Hikers use a dining room and some tables that are outside of the base camp. After people return from their hike or after they finish their meal, most of them sit around these areas and talk to each other and meet other visitors from other countries or even from different parts of Costa Rica.
The Internet connection is AWFUL.
At the main building, there is a free WIFI connection.
However, as I said, this is really slow and bad for downloads, uploads or communicating with somebody.
Also, if you are a photographer or love photography, there’s good news for you: just outside of the base camp, it’s possible to photograph the Milky Way. (The best months for this are April and May).
After dinner, the administrator and rangers turn off the electricity of the camp at 8pm. That does not mean you need to go to bed. Anyone can stay in the dining room and keep socializing with others.
Keep in mind that you are sleeping in a base camp in Chirripo National Park (in the mountains).
The Costa Rican government and SINAC have different regulations for protected areas, and one of the most important is the conservation and preservation of wildlife and natural resources. That’s why they turn off the electricity every night.
Hiking to Cerro Chirripó Summit, Cerro Terbi and Cerro Crestones in one day
Before all our planning to Cerro Chirripó National Park, one day I (Rodrigo) was talking to my friend Verny who has visited this place several times.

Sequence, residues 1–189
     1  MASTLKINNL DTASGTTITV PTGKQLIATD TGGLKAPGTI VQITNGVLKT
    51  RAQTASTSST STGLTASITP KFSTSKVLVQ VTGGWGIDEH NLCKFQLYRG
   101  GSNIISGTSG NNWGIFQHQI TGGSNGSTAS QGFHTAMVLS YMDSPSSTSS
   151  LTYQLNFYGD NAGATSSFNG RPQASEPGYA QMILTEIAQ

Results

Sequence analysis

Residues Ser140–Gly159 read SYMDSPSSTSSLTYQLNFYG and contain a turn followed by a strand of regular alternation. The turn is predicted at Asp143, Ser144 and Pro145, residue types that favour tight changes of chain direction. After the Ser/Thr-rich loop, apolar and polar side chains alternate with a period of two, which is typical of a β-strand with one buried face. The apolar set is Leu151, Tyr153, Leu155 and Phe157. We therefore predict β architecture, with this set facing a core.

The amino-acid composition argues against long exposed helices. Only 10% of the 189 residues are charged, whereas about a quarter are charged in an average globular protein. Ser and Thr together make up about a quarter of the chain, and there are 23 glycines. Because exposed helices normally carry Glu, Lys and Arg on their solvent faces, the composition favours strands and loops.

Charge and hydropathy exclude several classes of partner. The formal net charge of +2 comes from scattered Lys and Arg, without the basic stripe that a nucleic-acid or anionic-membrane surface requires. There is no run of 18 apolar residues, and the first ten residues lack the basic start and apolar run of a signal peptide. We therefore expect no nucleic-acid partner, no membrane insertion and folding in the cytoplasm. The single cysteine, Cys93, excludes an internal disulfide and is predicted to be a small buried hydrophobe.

His recommendation was simple and easy. He said: “After you get to the base camp, the first day, don’t go anywhere. (This helps you to avoid Altitude Sickness too)
Just rest and recover for next day for hike the Chirripo Summit and also make sure to visit Cerro Terbi and Crestones in the same day”
I am glad that he shared that with me. It worked well for me and my group.
The hike from Crestones Base Camp to Chirripo Summit is about 5.5 km (3.4 miles).
Most hikers wake up early to see the sunrise at the summit, and that’s what we wanted. So, that day, we woke up around 2 am.
Everyone was wearing their special clothes for the cold temperature.
Actually, the thermometer outside of the building showed that it was around 2 Celsius (35.6 Fahrenheit). That was so cold for us as Costa Ricans.
When we started our hike to the summit, it was still dark, so we brought our headlamps.
The first 3km were flat, however, some parts of the trail were confusing, so we hiked straight until “Valle Los Conejos,” where there was a sign that indicated to turn left.
Honestly, the last part of the trail was a bit rough.
The last 300 meters are more like a climb than a hike. (This is something I want to mention just to let you know, not to scare you. We actually encourage you to do this trip.)
As soon we got to the summit, we could not be happier. We had tears in our eyes. It’s this feeling of achieving our goal even when there were difficult circumstances.